Each passenger gets a little touchscreen in their door capable of controlling the climate, media, and seats, and the sound system back there is even better than up front. The seats can be set to pulse in time with your music, and the surround effect on the 40-speaker (!) sound system is stunning.
Legroom back there is good, although it’s still not quite Rolls-Royce great.
Headroom is excellent, and the blackout blinds really do keep prying eyes at bay – to the point where you can’t see a thing through the rear window using the rear-view mirror when the rear blind is deployed. Take that, paparazzi.
Then there’s the 32-inch 8K cinema screen. It’s mounted on the roof and slides into place at the press of a button… when the driver’s seat is so far forward, only a very short chauffeur could actually get you where you’re headed.
Once it’s folded down you’re able to slide the seat back a bit, though. The display itself has a higher resolution than most expensive televisions, and it’s capable of showing streaming content if you’re signed into an Amazon account. That content can be central, for both passengers, or oriented to suit the left or right seat.
It’s a unique selling point, although it’s only likely to appeal to chauffeurs carting around very important people.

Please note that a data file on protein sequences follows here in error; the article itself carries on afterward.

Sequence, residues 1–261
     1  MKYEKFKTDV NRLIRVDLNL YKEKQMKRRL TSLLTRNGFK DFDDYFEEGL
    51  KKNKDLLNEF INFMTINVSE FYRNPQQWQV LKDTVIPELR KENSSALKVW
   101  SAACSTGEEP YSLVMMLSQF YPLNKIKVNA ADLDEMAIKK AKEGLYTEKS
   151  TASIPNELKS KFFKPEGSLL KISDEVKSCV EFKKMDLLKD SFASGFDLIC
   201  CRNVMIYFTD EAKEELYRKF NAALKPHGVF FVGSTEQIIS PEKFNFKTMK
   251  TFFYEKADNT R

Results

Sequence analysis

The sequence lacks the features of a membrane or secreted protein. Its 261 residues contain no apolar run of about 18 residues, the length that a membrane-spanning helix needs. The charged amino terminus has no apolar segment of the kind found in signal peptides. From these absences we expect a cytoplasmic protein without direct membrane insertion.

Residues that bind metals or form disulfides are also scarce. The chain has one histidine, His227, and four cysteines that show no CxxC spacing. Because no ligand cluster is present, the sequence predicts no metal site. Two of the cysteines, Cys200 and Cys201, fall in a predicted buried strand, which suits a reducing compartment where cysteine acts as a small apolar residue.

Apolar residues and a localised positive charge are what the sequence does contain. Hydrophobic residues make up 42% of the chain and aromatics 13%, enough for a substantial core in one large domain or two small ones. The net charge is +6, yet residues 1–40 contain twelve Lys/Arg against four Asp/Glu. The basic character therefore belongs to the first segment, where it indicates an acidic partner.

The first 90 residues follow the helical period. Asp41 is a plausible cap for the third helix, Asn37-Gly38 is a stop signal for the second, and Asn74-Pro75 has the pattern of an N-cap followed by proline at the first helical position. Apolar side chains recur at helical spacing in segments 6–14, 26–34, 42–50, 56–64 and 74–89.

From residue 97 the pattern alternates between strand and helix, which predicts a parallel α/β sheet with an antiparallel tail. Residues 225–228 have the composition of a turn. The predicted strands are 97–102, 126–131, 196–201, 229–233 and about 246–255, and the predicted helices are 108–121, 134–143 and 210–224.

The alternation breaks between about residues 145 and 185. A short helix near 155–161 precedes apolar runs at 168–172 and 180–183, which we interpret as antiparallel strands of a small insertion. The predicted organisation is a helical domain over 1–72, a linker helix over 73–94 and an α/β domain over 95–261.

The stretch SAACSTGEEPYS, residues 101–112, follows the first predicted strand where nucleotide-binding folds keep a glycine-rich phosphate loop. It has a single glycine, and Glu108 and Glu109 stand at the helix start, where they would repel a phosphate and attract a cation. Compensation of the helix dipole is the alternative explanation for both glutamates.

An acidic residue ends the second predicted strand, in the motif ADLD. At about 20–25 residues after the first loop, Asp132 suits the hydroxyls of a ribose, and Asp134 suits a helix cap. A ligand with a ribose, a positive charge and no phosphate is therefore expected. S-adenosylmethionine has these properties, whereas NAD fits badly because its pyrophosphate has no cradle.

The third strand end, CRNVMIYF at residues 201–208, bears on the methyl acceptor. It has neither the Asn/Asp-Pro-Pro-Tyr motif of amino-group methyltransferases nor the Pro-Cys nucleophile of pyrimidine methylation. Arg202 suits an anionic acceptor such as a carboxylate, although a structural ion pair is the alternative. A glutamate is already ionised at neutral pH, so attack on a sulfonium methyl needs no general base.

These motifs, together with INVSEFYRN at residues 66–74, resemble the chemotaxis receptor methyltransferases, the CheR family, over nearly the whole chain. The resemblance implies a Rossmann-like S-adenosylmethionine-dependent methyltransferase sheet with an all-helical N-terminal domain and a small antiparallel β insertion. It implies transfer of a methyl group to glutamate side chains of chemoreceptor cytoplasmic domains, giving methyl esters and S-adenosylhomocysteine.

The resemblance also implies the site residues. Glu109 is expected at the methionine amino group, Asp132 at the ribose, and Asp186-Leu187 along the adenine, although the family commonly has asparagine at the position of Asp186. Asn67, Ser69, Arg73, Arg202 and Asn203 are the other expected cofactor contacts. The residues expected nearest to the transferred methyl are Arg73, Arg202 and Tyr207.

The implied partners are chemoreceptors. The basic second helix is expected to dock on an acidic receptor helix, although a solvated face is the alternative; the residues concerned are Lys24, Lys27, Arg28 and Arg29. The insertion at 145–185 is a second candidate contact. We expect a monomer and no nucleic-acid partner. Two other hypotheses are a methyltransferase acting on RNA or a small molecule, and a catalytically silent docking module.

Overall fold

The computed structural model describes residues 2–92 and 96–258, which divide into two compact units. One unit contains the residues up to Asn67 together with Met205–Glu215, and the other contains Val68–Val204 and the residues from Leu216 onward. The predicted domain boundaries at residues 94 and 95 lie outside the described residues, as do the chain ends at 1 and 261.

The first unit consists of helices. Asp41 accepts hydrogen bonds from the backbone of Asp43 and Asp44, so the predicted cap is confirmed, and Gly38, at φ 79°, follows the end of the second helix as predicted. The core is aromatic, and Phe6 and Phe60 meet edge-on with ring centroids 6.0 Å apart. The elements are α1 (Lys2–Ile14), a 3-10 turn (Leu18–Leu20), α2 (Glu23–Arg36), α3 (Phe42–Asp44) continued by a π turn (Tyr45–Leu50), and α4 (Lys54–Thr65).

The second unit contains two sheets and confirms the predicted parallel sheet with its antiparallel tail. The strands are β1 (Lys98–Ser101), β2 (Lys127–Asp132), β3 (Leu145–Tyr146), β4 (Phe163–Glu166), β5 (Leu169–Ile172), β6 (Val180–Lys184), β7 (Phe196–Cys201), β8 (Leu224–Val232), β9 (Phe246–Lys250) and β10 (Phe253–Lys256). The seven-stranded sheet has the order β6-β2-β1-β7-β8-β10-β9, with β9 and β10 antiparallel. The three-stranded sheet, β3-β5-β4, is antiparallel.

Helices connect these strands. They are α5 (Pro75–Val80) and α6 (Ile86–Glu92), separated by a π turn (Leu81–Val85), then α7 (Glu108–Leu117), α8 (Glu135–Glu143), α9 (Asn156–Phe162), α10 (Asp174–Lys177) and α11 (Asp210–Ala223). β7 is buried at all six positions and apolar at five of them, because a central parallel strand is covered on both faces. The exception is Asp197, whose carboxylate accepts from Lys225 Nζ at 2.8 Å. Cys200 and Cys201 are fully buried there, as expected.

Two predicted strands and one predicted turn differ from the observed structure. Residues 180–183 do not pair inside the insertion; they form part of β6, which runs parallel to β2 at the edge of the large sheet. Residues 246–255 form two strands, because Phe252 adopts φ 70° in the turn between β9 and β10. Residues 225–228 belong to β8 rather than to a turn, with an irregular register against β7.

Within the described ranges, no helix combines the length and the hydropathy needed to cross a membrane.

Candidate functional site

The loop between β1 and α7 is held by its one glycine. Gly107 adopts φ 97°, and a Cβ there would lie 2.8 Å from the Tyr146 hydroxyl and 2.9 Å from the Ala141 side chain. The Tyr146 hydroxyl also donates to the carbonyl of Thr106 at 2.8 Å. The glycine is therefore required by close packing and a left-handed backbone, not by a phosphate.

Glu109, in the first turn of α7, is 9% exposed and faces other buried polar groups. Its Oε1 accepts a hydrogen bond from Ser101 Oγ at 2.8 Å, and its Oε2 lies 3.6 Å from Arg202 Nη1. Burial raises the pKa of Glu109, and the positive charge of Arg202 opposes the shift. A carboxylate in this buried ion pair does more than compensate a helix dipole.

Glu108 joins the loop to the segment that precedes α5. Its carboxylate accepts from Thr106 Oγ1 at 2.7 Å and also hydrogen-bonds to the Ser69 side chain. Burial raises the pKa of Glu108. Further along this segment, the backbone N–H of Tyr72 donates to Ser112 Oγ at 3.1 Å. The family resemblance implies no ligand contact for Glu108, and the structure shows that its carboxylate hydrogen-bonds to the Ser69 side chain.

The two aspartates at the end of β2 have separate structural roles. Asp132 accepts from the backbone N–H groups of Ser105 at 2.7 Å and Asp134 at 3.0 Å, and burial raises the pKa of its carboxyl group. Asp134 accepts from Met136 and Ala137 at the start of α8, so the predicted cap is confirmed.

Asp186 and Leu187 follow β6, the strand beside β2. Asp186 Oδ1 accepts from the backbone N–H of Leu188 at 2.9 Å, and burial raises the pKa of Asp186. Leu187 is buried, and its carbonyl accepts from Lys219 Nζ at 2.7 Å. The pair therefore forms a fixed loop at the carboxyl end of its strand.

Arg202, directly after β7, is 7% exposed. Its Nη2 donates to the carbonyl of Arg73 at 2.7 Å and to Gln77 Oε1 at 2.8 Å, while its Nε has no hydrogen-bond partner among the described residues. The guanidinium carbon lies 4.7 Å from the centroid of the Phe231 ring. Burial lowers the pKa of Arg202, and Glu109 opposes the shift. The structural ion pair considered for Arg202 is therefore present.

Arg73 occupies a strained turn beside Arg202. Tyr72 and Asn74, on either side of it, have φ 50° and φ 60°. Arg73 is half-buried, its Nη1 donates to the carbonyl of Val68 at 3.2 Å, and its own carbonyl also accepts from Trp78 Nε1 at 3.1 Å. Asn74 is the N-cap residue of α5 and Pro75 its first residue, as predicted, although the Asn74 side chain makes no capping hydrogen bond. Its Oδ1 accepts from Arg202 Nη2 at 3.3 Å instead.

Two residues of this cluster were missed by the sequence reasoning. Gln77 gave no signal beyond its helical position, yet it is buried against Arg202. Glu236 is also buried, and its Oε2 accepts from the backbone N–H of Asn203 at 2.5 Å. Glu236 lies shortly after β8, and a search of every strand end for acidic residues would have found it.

Power in the 740i comes from a 3.0-litre turbocharged inline-six cylinder petrol engine mated with a 48V mild-hybrid system, for system outputs of 280kW and 540Nm.
This 48V mild-hybrid system is able to produce up to 9kW and 200Nm and is used as a starter motor to fire up the combustion engine.
It’s also able to act as a generator and recuperate kinetic energy during coasting and braking at a rate of up to 15kW. An eight-speed ZF automatic transmission is standard.
BMW says the petrol 7er dispatches the 100km/h sprint in 5.4 seconds, and uses a claimed 7.9L/100km on the combined cycle.
The fuel tank holds 74L. We saw around the 10L/100km mark during a stint spent mostly in the city.
BMW assures us there’s a petrol engine under the bonnet, but you honestly wouldn’t know it most of the time.
The cabin is so well insulated, and the inline-six is so smooth, the 740i might as well be electric, nuclear powered, or fuelled by the hopes and dreams of S-Class owners.
The start-stop system is imperceptible, and the eight-speed automatic shuffles so subtly through the lower gears it doesn’t feel as though there’s a turbocharged engine under the bonnet. It just floats along imperiously.
Put your foot down and you can feel the 48V mild-hybrid system offering the petrol engine a helping hand down low, lending this circa-2100kg barge the performance to show Golf GTI owners a clean set of heels in the traffic light grand prix.
Accelerating hard is the only time you really hear the 3.0-litre engine, and it actually sounds good. It has a muted six-cylinder bark that is characteristically BMW, and makes the slightly strained inline-six in the S-Class feel a bit underdone.
Ride comfort is exceptional on the standard air suspension, especially in Comfort Mode. Little imperfections are just steamrolled beneath the 7er’s wheels, and there’s a pillowy softness to the way it soaks up speed bumps.
It feels like BMW has taken inspiration from the Comfort Plus setting featured on Alpina cars; it’s just so lovely and languid. Coupled with fluid steering and the silken powertrain, the cosseting ride makes the 7er a beautiful place to spend long periods of time.